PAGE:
This was the first time I've had the obturator out since my teeth were removed. I had no idea what the area was going to look like but I knew that emotionally, this was probably going to be the hardest part of the whole process. When he first took it out, it felt really weird/awful, like someone just removed a piece of my face. I couldn't figure out where to put my tongue and all the open space really freaked me out. The surgeon wanted me to rinse but my mouth couldn't figure out how to swish so he ended up cleaning the area with a Q-tip and irrigating it with saline. I still hadn't seen my face yet though.

The prosthodontist came in to take some molds for my new obturator. I really like her. She's so nice and she has such a calming nature about her. I feel like she gets how hard this is in a way that my surgeon doesn't seem to. Anyway, she took a bunch of molds and she also shaved down my current obturator a little so that it's not so bulky in the front. The new one should be ready in about 3-4 weeks. Then she had to teach me how to take the current one in and out since it's no longer wired in. She held up the mirror and told me to apply pressure to the metal clasp part in the back, I did and the obturator popped off. I couldn't look at myself. It was by far the hardest thing I've ever had to do. I put the obturator back in. I started crying and she gave me a few minutes to let everything sink in. She asked me if I was ready to try again, I wasn't but I knew this was something I had to do so I said yes. We repeated the process and I was happy to have the obturator back in. I didn't feel like a whole person without it.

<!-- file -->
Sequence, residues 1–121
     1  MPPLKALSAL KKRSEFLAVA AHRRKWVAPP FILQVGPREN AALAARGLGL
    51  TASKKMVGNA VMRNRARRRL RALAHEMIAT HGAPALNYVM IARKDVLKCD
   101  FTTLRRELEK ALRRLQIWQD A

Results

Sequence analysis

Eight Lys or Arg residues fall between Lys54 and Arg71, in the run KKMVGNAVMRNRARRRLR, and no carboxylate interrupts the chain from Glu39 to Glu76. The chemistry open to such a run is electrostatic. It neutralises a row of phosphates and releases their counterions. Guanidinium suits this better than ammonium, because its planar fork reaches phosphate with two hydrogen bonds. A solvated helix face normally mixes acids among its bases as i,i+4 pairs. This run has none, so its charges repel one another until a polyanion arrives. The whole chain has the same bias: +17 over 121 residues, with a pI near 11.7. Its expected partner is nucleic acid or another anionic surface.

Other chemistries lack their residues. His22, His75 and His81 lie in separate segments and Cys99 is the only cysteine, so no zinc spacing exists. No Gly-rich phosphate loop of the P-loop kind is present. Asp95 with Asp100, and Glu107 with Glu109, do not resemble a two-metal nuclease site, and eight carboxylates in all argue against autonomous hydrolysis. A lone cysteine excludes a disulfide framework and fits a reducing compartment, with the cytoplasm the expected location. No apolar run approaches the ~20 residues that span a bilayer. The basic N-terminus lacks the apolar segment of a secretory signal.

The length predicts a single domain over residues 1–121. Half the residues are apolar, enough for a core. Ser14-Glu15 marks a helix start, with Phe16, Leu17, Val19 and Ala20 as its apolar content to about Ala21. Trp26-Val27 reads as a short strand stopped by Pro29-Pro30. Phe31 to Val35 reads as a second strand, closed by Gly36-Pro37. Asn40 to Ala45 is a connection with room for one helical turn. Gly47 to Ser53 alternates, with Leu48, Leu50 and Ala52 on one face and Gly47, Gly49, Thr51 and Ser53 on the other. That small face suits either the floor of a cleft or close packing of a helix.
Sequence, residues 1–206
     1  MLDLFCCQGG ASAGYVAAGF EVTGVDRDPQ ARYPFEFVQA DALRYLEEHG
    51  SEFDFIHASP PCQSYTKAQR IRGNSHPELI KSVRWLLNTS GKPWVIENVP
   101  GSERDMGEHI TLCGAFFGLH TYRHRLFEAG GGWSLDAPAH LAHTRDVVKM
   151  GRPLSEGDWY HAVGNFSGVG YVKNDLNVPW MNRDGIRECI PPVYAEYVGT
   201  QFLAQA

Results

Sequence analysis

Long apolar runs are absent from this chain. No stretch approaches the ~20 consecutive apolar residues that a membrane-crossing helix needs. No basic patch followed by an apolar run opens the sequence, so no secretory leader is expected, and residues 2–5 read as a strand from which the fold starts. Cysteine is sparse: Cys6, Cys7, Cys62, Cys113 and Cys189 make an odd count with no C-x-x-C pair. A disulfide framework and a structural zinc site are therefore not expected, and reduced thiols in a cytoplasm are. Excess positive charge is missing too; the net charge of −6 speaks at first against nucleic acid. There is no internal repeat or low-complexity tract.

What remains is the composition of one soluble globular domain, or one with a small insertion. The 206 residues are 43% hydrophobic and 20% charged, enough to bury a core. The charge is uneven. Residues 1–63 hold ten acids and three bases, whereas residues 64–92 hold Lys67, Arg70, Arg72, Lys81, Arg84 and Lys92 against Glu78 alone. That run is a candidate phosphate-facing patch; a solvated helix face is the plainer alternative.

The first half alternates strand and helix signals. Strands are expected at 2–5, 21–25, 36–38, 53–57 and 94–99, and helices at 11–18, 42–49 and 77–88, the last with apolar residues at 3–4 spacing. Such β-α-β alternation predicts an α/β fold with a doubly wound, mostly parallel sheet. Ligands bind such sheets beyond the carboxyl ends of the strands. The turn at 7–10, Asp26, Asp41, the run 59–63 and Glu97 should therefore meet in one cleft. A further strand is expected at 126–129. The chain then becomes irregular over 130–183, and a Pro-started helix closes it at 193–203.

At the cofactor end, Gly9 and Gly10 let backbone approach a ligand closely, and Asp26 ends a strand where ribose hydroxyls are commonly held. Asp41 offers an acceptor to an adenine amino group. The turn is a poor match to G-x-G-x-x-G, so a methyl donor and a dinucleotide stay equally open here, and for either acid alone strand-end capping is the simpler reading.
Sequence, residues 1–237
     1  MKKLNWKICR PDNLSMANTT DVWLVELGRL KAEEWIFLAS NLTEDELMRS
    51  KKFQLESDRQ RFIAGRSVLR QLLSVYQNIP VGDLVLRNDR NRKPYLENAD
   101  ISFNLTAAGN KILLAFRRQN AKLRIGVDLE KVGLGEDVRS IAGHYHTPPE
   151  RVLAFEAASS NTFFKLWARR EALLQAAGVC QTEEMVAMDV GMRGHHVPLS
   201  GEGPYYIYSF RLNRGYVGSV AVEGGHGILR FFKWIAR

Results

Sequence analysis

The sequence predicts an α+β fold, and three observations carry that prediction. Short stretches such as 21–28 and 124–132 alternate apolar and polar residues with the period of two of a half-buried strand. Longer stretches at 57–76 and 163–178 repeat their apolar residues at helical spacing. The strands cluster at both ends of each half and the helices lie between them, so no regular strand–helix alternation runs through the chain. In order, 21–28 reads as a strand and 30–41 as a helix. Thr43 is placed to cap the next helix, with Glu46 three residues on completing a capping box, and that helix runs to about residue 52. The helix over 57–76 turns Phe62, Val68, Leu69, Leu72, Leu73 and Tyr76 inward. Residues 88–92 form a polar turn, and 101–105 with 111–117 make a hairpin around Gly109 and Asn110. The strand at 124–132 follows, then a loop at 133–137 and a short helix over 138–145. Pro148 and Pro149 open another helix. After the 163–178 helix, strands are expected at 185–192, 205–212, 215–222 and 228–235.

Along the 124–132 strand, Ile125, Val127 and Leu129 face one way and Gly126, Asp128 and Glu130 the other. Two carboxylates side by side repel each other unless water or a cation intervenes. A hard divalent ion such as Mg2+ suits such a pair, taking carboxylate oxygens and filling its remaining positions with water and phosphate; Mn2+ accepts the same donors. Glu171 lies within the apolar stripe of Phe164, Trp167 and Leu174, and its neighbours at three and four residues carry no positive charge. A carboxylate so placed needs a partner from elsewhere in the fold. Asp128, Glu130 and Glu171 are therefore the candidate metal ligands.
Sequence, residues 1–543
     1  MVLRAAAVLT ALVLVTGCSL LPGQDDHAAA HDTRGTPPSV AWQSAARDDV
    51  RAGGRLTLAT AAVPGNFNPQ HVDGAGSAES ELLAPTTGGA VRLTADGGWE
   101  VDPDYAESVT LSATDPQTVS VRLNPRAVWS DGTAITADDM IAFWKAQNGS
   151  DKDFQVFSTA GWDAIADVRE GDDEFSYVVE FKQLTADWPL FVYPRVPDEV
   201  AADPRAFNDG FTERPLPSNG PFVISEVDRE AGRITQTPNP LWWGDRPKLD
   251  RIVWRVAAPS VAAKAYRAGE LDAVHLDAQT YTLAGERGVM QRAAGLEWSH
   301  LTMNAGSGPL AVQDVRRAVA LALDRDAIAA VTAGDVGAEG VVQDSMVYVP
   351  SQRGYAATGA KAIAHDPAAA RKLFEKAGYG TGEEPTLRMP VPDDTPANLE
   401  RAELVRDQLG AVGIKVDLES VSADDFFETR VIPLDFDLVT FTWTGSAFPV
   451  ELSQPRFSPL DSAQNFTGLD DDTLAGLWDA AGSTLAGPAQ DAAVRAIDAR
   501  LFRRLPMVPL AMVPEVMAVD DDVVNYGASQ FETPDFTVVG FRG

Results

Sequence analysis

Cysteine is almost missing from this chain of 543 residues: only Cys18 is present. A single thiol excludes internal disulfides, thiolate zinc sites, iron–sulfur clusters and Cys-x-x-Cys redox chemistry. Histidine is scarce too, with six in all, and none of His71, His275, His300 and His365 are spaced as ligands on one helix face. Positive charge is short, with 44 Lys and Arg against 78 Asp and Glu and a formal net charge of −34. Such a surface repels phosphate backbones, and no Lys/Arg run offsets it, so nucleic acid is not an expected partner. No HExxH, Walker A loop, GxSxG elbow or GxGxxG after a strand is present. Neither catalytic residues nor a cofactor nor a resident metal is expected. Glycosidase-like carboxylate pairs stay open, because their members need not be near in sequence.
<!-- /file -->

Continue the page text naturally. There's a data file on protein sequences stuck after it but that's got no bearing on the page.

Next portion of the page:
The prosthodontist explained that she wanted me to take the obturator out whenever I'm home and at night. My heart sank but I just nodded. She said that the tissue wouldn't be able to heal with the pressure from the obturator constantly against it. I nodded again but I was horrified at the idea of having to face myself in the mirror every night without the prosthetic. She told me to follow up in a week and then in one of the first shows of sincere compassion I've seen so far, the surgeon put his hand on my shoulder and acknowledged how hard this was. He's said it before but always in a stock response kind of way and never in a way that made me feel like he's actually tried to put himself in my situation emotionally. It made me resent him a little less.